Sometimes you bump into something fantastic. LY1PM - the greatest ham shack north of Neris. I saw the beautiful antenna farm from far away when I was driving some distance from Utena: three stacked short-wave yagis in a 40-metre tower, and an extra full-size yagi in a tower nearby. ďNow, thereís a real radio amateur,Ē I thought, left the road an presented myself as Sugar Mike Zero Fox India X-ray from Stockholm, Sweden.

Utena, LY1PM, overview

That sort of talk opens doors and they showed me everything. Three stacked short-wave yagis on a rotating tower.

Utena, LY1PM, front

The three radio amateurs running the LY1PM, built antennas and had fun in general.

Utena, LY1PM, newly painted tower

Next tower to be raised, painted and nice.

Utena, LY1PM, stacked yagis from below

The yagis were home-brew, but the tower and rotators were Soviet army surplus. The yagis were fed with 1 kW in phase. The mostly worked phone, but also some RTTY and digital communication.

Utena, LY1PM, antenna rotator

The old Soviet antenna rotator close up. Two longwires made according to the cow-fence method also start here. A bundle of five coaxes carries signal to the three yagis and two VHF antennas.

Utena, LY1PM, rusty stuff

Some rusty Soviet junk. Perhaps some of it can be salvaged.

Utena, LY1PM, operating shack

The operating shack had a few Yaesu transceivers, rotor indicators, computer, the compulsory, giant, green Soviet Elektronika 7 digital clock, coffee machine, drawings of upcoming antennas and a collection of QSL cards. And a Wunderbaum.

Utena, LY1PM, tech room

The tech room was beside the shack, with instruments and component storage, and a workstation used for modelling and simulating new antennas before building them.

Utena, LY1PM, QSL cards

With an antenna farm like that, the had of course made contact with most of the world.

The Square Church

I do not have very much information about this church, so temporarily I call it The Square Church, as it is not characterised by any very slender lines.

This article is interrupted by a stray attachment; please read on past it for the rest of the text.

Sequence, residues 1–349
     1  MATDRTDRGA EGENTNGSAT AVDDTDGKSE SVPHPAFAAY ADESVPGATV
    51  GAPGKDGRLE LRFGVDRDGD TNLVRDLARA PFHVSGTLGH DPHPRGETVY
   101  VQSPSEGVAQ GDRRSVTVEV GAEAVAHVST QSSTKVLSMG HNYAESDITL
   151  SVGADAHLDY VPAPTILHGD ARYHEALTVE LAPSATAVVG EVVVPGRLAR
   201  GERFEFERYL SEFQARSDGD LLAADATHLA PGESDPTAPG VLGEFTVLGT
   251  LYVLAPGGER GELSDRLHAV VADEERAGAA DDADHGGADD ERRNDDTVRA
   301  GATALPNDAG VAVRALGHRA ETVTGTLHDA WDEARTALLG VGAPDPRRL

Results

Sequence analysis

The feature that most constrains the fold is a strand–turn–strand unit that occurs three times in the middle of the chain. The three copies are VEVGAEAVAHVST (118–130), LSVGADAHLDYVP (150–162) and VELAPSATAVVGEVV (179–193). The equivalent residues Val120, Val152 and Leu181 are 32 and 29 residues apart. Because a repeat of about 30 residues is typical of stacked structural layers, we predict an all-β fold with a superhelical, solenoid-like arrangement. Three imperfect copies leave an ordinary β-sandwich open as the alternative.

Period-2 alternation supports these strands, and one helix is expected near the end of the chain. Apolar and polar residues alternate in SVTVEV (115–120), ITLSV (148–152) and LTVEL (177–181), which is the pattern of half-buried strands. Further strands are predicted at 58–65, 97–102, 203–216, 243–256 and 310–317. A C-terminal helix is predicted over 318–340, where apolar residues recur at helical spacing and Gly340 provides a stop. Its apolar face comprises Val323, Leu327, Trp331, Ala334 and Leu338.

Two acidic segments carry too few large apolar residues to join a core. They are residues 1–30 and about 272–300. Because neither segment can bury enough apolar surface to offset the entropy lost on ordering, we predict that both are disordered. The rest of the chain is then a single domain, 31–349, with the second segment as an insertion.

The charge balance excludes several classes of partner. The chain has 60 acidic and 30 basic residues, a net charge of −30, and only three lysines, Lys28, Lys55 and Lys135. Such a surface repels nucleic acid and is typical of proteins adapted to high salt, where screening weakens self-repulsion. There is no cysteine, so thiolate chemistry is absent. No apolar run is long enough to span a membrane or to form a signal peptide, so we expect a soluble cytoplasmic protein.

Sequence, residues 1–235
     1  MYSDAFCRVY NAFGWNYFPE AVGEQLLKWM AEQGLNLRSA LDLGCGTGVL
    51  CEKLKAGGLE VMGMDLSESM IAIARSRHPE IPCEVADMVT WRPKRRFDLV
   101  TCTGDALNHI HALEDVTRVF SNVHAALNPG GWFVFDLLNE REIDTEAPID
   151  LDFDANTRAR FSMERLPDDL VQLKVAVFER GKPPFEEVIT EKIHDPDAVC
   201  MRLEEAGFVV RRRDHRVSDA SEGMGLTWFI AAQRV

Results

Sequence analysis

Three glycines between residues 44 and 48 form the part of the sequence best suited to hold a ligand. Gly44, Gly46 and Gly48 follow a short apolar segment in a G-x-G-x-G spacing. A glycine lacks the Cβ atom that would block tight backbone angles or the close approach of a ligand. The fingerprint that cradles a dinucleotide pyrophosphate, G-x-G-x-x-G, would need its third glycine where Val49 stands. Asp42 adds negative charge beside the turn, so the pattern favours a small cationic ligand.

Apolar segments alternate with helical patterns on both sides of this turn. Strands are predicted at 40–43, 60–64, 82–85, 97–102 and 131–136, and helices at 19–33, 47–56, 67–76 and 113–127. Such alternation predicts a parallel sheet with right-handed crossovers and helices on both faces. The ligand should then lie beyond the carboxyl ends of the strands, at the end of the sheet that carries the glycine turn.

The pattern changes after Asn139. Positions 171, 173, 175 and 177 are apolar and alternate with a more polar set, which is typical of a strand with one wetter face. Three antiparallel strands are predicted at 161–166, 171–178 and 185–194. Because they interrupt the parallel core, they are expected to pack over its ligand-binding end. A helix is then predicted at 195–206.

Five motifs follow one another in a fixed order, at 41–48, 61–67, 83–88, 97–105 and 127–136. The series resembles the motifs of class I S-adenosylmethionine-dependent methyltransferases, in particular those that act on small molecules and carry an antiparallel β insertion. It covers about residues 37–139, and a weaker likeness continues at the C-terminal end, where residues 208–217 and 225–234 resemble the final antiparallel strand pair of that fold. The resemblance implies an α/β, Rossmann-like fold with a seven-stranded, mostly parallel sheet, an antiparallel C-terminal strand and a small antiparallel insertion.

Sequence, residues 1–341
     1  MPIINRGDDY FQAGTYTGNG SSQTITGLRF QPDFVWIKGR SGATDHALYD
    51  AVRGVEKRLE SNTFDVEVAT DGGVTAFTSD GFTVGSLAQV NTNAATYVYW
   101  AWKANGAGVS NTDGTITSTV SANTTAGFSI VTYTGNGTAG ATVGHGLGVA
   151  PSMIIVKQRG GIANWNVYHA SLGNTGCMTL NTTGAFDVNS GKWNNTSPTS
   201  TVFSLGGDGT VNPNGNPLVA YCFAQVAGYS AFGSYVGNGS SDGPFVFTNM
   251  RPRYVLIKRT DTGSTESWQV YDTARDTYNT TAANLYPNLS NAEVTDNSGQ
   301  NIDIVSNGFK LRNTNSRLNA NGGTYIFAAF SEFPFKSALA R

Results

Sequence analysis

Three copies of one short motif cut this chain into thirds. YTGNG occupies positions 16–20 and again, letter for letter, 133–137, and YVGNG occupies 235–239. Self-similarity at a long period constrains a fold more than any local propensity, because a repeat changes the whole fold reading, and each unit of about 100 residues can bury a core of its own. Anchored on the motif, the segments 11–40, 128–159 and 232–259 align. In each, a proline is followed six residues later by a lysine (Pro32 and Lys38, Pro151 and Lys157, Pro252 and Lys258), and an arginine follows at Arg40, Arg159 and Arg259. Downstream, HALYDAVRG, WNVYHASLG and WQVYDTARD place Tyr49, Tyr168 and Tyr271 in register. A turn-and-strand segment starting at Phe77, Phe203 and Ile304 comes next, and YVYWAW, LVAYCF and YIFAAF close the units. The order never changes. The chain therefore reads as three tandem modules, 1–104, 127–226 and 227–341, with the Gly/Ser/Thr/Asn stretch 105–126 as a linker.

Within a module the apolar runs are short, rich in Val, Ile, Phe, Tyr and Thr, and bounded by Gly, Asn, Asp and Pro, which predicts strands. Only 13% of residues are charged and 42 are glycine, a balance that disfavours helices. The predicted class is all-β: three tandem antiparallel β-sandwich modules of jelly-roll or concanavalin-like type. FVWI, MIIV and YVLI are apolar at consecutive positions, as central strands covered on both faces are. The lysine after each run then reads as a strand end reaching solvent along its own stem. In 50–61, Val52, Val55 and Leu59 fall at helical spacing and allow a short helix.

This massive church is situated right outside Utena.

A walk through the aisle (and down)...

No wavy lines here. The rectangle seems to have been the ideal design.

The dome has a rather faded painting.

towards the altar...

There are very few decorations. Well, here is Jesus saying hello.

Left side altar.

and weíre getting closer...

Right side-altar.

The organ. Itís not big. But small...

The altar and baptismal font were rounded and absolutely polished and I couldnít help feeling ďsanitary ware.Ē

The pulpit is adorned with fantastic carvings.

A worn-in confession stand.

Stained glass, although maybe not the hottest Iíve seen.

Over the gate is a relief of the Holy family.

The memorial wall with plaques of known and unknown people who died in the great deportations. Most of them died 1945-1950, but many dates are unknown.

A thinker reflecting over 600 years of Lithuanian Christianity (1387 - 1987).

A grave close to the church. The memorial wall in the background.

The typical Lithuanian wooden crosses flock in the back yard.

On the roof between the towers a trumpeting angel sits.

This very beautiful statue of Virgin Mary stands by the parking lot, nicer than most Iíve seen.

Krokule, the Holy Spring

Krokule sounds as if taken from a book by Astrid Lindgren, but it happens to be a holy spring from medieval times that is said to have sprung forth from the rock after the Virgin Mary was seen here. The water is said to have healing properties and is very good for herbal tea.

St. Krokuleís Spring, exterior

The first thing you notice is the totem pole. Well, itís not a real totem pole...

St. Krokuleís Spring, sign

but a real old-time Lithuanian sign telling about ďSventas Krokules saltinisĒ that is, The spring of St. Krokule.

St. Krokuleís Spring, gate

As I hadnít seen a holy spring before, I was excited. Quickly, through the gates.

St. Krokuleís Spring, overview

The area is quite plain: a micro temple with an image of Christ and the spring itself.

St. Krokuleís Spring, holy water being bottled

People come from all over the country to fill large mineral water bottles.

St.†Krokuleís Spring, holy yuck on foot

Of course I had to get down to make pictures, slipped in the mud and got my foot full of holy yuck. But it was washable with standard tap-water.


If you follow Sventoji river from the main road and go past Vyzuonos, you will get to Uzpaliai, which I havenít seen too much of either, except for the church and surroundings. It is very nice inside, even if I, as mentioned before, have problems with fluorescent tubes in churches. But thatís nothing compared to the Italians who use cheap, greenish tubes. Thatís terrible.

The church in Uzpaliai, the altar

Letís be different this time and go top-down, starting at the altar...

The church in Uzpaliai, left large side-altar

Left large side-altar.

The church in Uzpaliai, nice ceiling

The ceiling is magnificent, and became more so as the evening sun made everything golden.

The church in Uzpaliai, the altar